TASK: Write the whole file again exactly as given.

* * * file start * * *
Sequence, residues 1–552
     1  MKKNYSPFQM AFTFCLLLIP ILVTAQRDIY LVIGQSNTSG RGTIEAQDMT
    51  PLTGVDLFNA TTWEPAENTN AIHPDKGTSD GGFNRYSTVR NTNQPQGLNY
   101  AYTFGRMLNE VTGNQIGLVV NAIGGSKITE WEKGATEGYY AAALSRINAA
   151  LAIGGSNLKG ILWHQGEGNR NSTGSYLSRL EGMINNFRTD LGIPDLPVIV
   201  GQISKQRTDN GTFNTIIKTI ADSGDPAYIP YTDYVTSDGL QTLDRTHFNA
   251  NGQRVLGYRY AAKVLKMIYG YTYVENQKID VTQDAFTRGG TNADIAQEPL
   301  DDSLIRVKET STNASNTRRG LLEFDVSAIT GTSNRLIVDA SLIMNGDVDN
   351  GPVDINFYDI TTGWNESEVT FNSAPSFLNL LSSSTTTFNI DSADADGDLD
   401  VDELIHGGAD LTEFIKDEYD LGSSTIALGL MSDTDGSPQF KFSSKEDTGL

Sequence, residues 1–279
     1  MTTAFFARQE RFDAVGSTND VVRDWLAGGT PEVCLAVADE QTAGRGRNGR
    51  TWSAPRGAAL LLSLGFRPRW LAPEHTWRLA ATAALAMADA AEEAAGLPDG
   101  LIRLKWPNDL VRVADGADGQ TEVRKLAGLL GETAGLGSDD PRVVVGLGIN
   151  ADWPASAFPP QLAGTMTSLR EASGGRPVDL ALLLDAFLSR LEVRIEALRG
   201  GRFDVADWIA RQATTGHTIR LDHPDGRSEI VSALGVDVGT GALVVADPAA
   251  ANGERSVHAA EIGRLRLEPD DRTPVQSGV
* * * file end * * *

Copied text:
Sequence, residues 1–552
     1  MKKNYSPFQM AFTFCLLLIP ILVTAQRDIY LVIGQSNTSG RGTIEAQDMT
    51  PLTGVDLFNA TTWEPAENTN AIHPDKGTSD GGFNRYSTVR NTNQPQGLNY
   101  AYTFGRMLNE VTGNQIGLVV NAIGGSKITE WEKGATEGYY AAALSRINAA
   151  LAIGGSNLKG ILWHQGEGNR NSTGSYLSRL EGMINNFRTD LGIPDLPVIV
   201  GQISKQRTDN GTFNTIIKTI ADSGDPAYIP YTDYVTSDGL QTLDRTHFNA
   251  NGQRVLGYRY AAKVLKMIYG YTYVENQKID VTQDAFTRGG TNADIAQEPL
   301  DDSLIRVKET STNASNTRRG LLEFDVSAIT GTSNRLIVDA SLIMNGDVDN
   351  GPVDINFYDI TTGWNESEVT FNSAPSFLNL LSSSTTTFNI DSADADGDLD
   401  VDELIHGGAD LTEFIKDEYD LGSSTIALGL MSDTDGSPQF KFSSKEDTGL

Sequence, residues 1–279
     1  MTTAFFARQE RFDAVGSTND VVRDWLAGGT PEVCLAVADE QTAGRGRNGR
    51  TWSAPRGAAL LLSLGFRPRW LAPEHTWRLA ATAALAMADA AEEAAGLPDG
   101  LIRLKWPNDL VRVADGADGQ TEVRKLAGLL GETAGLGSDD PRVVVGLGIN
   151  ADWPASAFPP QLAGTMTSLR EASGGRPVDL ALLLDAFLSR LEVRIEALRG
   201  GRFDVADWIA RQATTGHTIR LDHPDGRSEI VSALGVDVGT GALVVADPAA
   251  ANGERSVHAA EIGRLRLEPD DRTPVQSGV